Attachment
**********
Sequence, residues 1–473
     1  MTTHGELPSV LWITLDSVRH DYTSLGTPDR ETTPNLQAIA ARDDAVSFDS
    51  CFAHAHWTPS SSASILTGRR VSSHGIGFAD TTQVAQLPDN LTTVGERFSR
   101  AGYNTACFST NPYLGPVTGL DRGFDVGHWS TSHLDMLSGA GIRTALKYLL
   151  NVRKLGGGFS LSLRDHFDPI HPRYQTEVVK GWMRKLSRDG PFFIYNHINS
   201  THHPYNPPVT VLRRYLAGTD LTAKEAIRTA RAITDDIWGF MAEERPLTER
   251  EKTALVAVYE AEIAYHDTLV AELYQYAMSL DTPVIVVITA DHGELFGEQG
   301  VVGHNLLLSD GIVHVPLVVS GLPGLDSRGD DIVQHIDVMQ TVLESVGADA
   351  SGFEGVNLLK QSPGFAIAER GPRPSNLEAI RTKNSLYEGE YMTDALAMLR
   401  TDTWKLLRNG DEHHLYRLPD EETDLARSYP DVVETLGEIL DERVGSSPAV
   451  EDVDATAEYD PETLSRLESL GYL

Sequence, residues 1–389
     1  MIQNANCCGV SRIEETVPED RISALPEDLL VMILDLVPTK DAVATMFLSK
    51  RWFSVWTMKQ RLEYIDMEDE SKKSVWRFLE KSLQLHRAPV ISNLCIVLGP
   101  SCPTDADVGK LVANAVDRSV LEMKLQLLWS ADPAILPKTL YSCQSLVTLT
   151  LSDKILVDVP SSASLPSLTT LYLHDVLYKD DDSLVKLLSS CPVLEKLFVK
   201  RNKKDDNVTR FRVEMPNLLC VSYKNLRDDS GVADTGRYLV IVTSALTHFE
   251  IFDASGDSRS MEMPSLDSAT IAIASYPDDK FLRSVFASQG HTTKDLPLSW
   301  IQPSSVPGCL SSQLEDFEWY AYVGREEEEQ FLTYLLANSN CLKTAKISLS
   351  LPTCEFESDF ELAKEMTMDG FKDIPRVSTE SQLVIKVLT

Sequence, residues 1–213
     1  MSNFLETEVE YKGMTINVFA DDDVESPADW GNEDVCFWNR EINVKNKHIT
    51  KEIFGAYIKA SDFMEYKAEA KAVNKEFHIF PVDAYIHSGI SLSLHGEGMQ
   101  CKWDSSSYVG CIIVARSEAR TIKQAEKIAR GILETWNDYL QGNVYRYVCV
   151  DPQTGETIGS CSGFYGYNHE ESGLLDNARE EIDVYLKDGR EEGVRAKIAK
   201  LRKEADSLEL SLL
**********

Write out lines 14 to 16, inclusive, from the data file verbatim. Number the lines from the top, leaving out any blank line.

    51  RWFSVWTMKQ RLEYIDMEDE SKKSVWRFLE KSLQLHRAPV ISNLCIVLGP
   101  SCPTDADVGK LVANAVDRSV LEMKLQLLWS ADPAILPKTL YSCQSLVTLT
   151  LSDKILVDVP SSASLPSLTT LYLHDVLYKD DDSLVKLLSS CPVLEKLFVK